Cryptocurrency launchpad hit $ three million provide chain assault


SushiSwap’s chief technology officer says the company’s MISO platform has been hit by an attack on its software supply chain. SushiSwap is a community-run decentralized financial platform (DeFi) that allows users to exchange, earn, lend, borrow, and use cryptocurrency assets from one place. Sushi’s newest offering, Minimal Initial SushiSwap Offering (MISO), launched earlier this year, is a token launchpad that projects can use to launch their own tokens on the sushi network.

In contrast to cryptocurrency coins, which require a native blockchain and substantial foundations, DeFi tokens are an easier-to-implement alternative as they can work on an existing blockchain. For example, anyone can create their own “digital token” on the Ethereum blockchain without having to re-create a new cryptocurrency.

Attacker steals $ 3 million in Ethereum via GitHub commit

In a Twitter thread today, SushiSwap CTO Joseph Delong announced that an auction on the MISO launchpad was hijacked by a supply chain attack. An “anonymous contractor” with the GitHub handle AristoK3 and access to the project’s code repository had pushed a malicious code commit that was distributed via the platform’s front-end.

A software supply chain attack occurs when an attacker interferes with or hijacks the software manufacturing process in order to inject their malicious code so that a large number of consumers of the finished product are affected by the attacker’s actions. This can happen when code libraries or individual components used in a software build are tampered with, when software update binaries are “trojanized”, when code-signing certificates are stolen, or even when a server running software-as-a- Service is violated. Therefore, successful attacks on the supply chain cause far greater impact and damage than an isolated security breach.

In the case of MISO, Delong says that “when the attacker created the auction, he inserted his own wallet address to replace the AuctionWallet”:

The miso front end has fallen victim to a supply chain attack. An anonymous contractor with the GH handle AristoK3 injected malicious code into the Miso front end. We have reason to believe that this is @ eratos1122.

864.8 ETH was stolen, address below

– Joseph 🤝 Delong 🔱 (@josephdelong) September 17, 2021

The above tweet has been deleted but has been made available here.

This exploit enabled the attacker to smuggle 864.8 Ethereum coins – around $ 3 million – into his wallet.

So far, according to Delong, only one auction of an automobile market (1, 2) has been exploited on the platform and all affected auctions have been patched. The final amount of the auction depends on the number of stolen Ethereum coins.


Funds stolen from Auto-Mart auction on SushiSwap's MISO platform.Enlarge / Funds stolen from Auto-Mart auction on SushiSwap’s MISO platform.

SushiSwap requested Know Your Customer data of the attacker from the Binance and FTX cryptocurrency exchanges in order to identify the attacker. Binance publicly said it was investigating the incident and offered to work with SushiSwap.

“Provided the funds are not repaid by 8a ET. We hired our lawyer [Stephen Palley] filing an IC3 complaint with the FBI, “Delong said.

Ars has seen the balance on the attacker’s wallet drop in the past few hours, suggesting the funds are changing hands. Recent transactions (1, 2) show that the “Miso Front End Exploiter” is returning the stolen currency to SushiSwap in the company’s pool called “Operation Multisig”.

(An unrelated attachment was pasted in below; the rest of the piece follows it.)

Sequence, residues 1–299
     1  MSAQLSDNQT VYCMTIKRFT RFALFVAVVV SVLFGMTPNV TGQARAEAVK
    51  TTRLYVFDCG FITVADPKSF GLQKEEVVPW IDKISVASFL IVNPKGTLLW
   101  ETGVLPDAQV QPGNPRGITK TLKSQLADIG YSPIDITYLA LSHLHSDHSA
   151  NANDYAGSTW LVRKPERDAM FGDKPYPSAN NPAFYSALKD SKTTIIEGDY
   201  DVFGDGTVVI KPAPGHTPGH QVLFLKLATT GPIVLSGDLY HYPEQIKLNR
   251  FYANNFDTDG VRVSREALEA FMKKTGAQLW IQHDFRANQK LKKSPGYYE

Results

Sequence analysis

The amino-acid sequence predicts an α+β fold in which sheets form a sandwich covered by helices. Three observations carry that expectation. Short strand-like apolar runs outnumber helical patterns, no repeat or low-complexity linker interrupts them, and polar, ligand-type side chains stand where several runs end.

It is not uncommon for attackers and cybercriminals to return the stolen funds to their rightful owners for fear of the consequences of law enforcement, as we saw in the $ 600 million heisted Poly Network.

But how did the attacker get access to GitHub?

According to SushiSwap, the fraudulent contractor AristoK3 has moved the malicious code commit 46da2b4420b34dfba894e4634273ea68039836f1 to Sushi’s “miso-studio” repository. Since the repository appears to be private, GitHub will throw a 404 “not found” error to those who do not have permission to view the repository. So how did the “anonymous contractor” even get access to the project repository? Surely there has to be a review process somewhere at SushiSwap?

Although anyone can offer to contribute to a public GitHub repository, only select people can access or contribute to private ones. And even then, the commits should ideally be reviewed and approved by trusted members of the project.

Cryptocurrency enthusiast Martin Krung, creator of the “Vampire Attack,” wondered if the attacker’s pull request was properly verified before merging into the code base, and he received insights from contributors:

I’ve seen PRs with 40+ files changed that were approved instantly. There is no code ownership.

– adamazad.eth (@adamzazad) September 17, 2021

A rough analysis compiled by SushiSwap (now removed from SushiSwap, but secured here) tries to track down the attacker (s) and points to several digital identities. SushiSwap assumes that GitHub user AristoK3 is associated with Twitter handle eratos1122, although its answer is ambiguous. “This is really crazy … Please delete it and say ‘Sorry’ to everyone … If not, I’ll share the entire MISO project [sic] that I have (you know very well what I was working on on the MISO project) “replied eratos1122.

Since some of the digital identities mentioned in the analysis remain unchecked, Ars does not mention them until further information is available. We contacted Delong and the alleged attackers to find out more. We are waiting for your answers.